Everybody Is A Stakeholder In Safeguarding Children, Says Alun Hangsing - Eastern Mirror
Wednesday, April 24, 2024
Editor's Pick

Everybody is a stakeholder in safeguarding children, says Alun Hangsing

By Reyivolü Rhakho Updated: Mar 22, 2024 9:36 pm
Safeguarding Children
Alun Hangsing addressing the workshop on cyber safety and security of children in school in Kohima on Friday. (EM Images)

KOHIMA — The paramount importance of safeguarding children’s rights was underscored during a one-day state-level workshop on cyber safety and security of children held at Hotel Japfu, Kohima, on Friday.

Addressing the workshop, chairman of the Nagaland State Commission for Protection of Child Rights (NSCPCR), Alun Hangsing, said that the rights of children can never be disregarded and everybody in the society is a stakeholder in safeguarding children.

It is the society’s duty to ensure a conducive environment for children, he added.

The chairman noted that lack of awareness has contributed to numerous instances of child abuse, with the most recent cases being reported in Kohima and Wokha. He called for collective efforts to strengthen the child rights commission and related agencies so that such incidents do not occur in the future.

Highlighting the activities of the commission, he mentioned the team’s ongoing efforts to raise awareness at various levels. Last year, they conducted awareness campaigns in schools across various districts, which they said will continue.

Established as an autonomous body nine years ago, the commission is in place to monitor and see that government policies relating to children are being implemented in the right earnest, he said.

Safeguarding Children
Martha R Ritse addressing the workshop on cyber safety and security of children in school in Kohima on Friday. (EM Images)

The secretary of Social Welfare department, Martha Ritse, drew attention to the risks posed by the internet to children’s safety.

Despite the immense opportunities it provides, internet has become a source of cyberbullying, haven for online predators, and exposure to inappropriate content, scams and many other forms of cyber-crimes, she observed.

Stating that these threats can have profound and lasting effects on the children’s mental, emotional and physical health, she emphasised the need for parents, educators, caregivers and members of society to take proactive measures to equip children with the necessary knowledge and skills to navigate cyberspace safely.

She also stressed the need to have stronger mechanisms in place to support, protect, educate and empower children to make informed decisions and protect themselves from potential dangers lurking in cyberspace.

Further, she said that ensuring children’s safety online requires continued intervention, constant vigilance and collaborative efforts. Towards this, she called on the community to create more awareness at the grassroots and encouraged them to recommit to the cause of children’s safety, both on and off line.

The workshop also featured insights from Additional SP Cyber Crime PHQ, Nagaland, Michael Yhome, who outlined prevalent cyber crimes in the state, including financial frauds and social media-related offenses.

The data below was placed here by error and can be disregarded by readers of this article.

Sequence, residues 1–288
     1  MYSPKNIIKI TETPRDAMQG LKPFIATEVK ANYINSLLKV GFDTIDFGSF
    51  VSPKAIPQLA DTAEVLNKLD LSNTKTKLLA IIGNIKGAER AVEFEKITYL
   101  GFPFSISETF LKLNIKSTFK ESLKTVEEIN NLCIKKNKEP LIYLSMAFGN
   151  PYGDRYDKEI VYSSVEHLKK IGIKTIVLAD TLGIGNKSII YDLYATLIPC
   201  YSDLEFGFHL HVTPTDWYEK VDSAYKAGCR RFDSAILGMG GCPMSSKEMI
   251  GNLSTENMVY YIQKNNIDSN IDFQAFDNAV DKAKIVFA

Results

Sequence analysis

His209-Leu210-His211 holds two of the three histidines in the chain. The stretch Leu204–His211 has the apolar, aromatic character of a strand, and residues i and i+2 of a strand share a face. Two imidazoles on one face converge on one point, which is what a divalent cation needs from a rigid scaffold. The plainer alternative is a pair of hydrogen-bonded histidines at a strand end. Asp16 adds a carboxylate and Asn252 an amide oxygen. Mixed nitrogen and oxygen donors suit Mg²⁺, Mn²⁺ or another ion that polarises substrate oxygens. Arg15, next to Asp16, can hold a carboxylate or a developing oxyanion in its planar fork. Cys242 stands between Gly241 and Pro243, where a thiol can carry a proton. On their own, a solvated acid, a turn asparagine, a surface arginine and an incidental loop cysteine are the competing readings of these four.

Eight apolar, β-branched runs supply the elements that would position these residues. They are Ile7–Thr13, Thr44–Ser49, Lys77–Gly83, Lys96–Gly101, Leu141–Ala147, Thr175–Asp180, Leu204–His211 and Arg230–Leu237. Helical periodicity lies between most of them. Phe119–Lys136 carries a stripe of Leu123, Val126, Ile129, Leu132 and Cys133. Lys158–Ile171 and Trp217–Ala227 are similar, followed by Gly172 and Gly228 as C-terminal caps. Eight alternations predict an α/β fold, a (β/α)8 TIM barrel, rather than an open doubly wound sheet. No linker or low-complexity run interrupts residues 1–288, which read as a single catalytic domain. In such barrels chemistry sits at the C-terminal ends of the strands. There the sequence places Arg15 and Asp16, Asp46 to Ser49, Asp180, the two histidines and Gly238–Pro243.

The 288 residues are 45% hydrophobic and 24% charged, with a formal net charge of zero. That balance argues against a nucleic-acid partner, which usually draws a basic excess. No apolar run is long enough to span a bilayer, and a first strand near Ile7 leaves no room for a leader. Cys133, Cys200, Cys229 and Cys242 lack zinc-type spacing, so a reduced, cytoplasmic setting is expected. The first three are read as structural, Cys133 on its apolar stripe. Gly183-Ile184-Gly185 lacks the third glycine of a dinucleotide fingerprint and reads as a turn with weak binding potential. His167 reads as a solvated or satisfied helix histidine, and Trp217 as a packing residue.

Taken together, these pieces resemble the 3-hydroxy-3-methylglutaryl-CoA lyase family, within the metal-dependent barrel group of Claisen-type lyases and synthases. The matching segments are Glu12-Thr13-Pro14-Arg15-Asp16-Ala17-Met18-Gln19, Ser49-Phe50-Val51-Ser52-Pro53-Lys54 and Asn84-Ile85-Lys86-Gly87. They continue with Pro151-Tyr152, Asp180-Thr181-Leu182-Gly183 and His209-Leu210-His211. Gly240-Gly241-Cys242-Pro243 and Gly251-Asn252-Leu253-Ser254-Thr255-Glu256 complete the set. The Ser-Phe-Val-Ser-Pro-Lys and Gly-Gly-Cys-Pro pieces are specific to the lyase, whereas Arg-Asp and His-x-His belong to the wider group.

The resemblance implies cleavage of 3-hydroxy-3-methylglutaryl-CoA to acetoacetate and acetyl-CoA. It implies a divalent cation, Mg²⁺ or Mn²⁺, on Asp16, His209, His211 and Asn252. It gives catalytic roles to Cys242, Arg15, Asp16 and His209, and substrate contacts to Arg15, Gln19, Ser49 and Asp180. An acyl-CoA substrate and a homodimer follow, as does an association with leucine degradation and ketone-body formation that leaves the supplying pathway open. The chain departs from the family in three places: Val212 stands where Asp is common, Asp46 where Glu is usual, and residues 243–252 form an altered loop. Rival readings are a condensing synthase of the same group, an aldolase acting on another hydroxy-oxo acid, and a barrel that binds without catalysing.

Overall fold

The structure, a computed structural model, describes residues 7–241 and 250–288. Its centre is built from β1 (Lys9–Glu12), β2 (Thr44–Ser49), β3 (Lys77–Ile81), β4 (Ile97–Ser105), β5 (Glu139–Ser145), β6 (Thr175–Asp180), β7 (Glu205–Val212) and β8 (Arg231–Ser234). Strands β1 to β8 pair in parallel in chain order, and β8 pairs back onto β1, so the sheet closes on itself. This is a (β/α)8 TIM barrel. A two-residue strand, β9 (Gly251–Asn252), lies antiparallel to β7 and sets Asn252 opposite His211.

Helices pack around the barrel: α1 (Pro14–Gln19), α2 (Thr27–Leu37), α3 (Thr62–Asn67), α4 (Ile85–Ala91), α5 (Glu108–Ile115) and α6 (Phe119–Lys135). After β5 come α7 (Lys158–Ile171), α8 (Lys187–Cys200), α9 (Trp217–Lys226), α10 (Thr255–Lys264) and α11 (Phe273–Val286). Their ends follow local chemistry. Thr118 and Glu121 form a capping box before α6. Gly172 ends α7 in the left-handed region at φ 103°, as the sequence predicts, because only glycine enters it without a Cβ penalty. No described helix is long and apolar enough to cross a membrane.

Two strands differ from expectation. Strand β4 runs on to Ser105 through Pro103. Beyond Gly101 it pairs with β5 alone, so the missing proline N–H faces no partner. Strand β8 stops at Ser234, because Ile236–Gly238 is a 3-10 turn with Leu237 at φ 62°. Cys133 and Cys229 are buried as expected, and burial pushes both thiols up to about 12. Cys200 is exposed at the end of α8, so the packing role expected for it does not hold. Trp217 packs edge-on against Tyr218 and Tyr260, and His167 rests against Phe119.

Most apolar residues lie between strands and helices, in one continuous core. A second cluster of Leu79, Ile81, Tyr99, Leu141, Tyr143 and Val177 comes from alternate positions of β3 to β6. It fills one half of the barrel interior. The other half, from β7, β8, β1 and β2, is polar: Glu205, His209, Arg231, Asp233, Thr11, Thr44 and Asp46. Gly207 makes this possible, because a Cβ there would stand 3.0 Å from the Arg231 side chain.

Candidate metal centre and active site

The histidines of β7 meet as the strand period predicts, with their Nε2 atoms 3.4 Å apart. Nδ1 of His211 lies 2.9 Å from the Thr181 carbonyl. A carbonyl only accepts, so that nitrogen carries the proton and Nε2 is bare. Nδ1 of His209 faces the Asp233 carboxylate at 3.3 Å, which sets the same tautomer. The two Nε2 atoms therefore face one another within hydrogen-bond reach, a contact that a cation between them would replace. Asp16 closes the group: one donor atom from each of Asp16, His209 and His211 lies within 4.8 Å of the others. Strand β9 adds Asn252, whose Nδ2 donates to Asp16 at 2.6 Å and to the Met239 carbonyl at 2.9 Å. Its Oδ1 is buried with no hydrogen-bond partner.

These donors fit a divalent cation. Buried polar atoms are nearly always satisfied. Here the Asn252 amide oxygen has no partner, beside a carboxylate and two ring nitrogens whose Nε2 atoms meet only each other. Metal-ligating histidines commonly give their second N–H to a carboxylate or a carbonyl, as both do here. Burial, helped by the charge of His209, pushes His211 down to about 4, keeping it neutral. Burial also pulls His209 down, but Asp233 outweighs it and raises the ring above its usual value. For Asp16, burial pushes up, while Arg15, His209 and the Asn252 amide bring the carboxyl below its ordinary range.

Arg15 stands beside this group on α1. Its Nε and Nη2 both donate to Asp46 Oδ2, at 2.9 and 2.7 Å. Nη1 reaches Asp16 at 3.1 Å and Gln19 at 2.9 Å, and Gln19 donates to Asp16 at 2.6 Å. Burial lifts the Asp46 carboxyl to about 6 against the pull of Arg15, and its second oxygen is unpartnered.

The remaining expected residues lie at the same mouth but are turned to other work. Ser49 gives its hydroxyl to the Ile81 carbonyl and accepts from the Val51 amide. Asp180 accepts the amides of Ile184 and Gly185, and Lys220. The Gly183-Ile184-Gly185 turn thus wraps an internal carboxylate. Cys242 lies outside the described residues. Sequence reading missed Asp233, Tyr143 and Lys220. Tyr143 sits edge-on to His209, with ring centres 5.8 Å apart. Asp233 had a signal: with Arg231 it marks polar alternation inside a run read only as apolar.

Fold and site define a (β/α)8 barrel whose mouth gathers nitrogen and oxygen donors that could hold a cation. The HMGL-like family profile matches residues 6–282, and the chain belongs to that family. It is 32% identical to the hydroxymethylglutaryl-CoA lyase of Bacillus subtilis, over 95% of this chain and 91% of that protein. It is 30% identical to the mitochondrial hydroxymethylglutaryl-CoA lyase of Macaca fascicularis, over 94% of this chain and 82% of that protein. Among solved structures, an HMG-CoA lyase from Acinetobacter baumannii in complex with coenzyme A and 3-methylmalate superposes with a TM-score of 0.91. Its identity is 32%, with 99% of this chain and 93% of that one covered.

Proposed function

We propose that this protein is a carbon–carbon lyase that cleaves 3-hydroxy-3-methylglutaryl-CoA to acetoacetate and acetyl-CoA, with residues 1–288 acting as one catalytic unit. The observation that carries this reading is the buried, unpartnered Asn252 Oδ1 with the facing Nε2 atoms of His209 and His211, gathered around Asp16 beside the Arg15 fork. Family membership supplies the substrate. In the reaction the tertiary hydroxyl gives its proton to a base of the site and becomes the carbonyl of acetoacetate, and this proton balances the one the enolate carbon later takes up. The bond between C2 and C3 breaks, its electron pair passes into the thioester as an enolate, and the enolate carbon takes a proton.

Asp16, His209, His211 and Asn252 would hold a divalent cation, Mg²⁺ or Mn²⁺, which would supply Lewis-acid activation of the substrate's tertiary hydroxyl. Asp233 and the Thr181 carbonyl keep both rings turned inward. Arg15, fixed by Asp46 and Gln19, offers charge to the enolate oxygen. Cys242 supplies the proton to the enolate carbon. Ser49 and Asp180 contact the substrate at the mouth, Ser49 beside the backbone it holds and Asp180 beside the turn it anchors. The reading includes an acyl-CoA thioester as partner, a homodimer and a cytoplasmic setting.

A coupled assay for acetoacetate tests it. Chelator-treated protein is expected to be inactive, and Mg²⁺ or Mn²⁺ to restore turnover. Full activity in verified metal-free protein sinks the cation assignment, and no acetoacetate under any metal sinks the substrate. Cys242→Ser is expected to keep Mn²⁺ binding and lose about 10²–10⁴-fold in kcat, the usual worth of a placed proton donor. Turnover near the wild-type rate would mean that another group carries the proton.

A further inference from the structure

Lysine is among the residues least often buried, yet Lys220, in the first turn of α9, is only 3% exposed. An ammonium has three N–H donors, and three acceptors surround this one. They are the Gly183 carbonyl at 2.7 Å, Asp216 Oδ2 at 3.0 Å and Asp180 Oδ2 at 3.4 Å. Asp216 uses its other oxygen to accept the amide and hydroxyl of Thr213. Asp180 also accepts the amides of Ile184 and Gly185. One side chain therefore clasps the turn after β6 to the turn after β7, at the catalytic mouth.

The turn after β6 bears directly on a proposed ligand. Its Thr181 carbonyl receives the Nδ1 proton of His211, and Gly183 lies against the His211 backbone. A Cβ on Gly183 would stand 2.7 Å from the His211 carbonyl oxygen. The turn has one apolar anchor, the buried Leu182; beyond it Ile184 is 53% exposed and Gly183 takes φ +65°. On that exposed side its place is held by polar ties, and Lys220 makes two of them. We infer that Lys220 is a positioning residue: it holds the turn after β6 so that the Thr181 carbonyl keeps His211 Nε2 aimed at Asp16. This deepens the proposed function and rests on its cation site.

In regards to financial frauds, there are victims from Nagaland while accused are mostly from outside the state, he said, adding that under social media crimes, the victims and accused are generally known to each other or committed due to personal disputes/ enmity.

Advocate Somashree Das, a cyber expert from NCPCR, provided further commentary on cyber safety and security.

Earlier in the workshop, NSCPCR member, Akumla Longchari, also told the gathering that children’s safety and security is not just a moral imperative but an obligation that transcends all boundaries. She called upon all to pledge to be advocates for change, champions for children, and guardians of their well-being.

The event was organised by National Commission for Protection of Child Rights in collaboration with Nagaland State Commission for Protection of Child Rights.

Wokha case to be tried under POCSO

In response to a case of a minor being abused in Wokha, Ritse confirmed that the accused would be tried under the Protection of Children from Sexual Offences (POCSO) Act.

Speaking to the media on the sidelines of the event, she emphasised the importance of awareness and sensitisation in preventing such incidents, stating that awareness reduces the chances of such incidents happening again.

She added that such incidents should be reported as there is a system in place to handle it. Ultimately, it relies on relatives, parents, or caregivers being aware and sensitised, she said, noting that more people are becoming aware and coming forward to report cases related to children’s rights.

Additionally, she said that cases like these are tried under POCSO Act and fast-tracked in courts and proactive steps are taken to rehabilitate the children.

Meanwhile, Hangsing expressed concern over cases of child-related offenses being ‘compromised’ outside the judicial system, saying that the perpetrators are not receiving the due punishment according to the Act or law.

Advocating for stricter adherence to the law to ensure justice for victims, he said that the practice of ‘compromising’ between the two parties should be done away with.

He also highlighted the relatively low incidence of child abuse cases in Nagaland, attributing it to the ‘high moral obligations of a Christian state’.

By Reyivolü Rhakho Updated: Mar 22, 2024 9:36:28 pm
Website Design and Website Development by TIS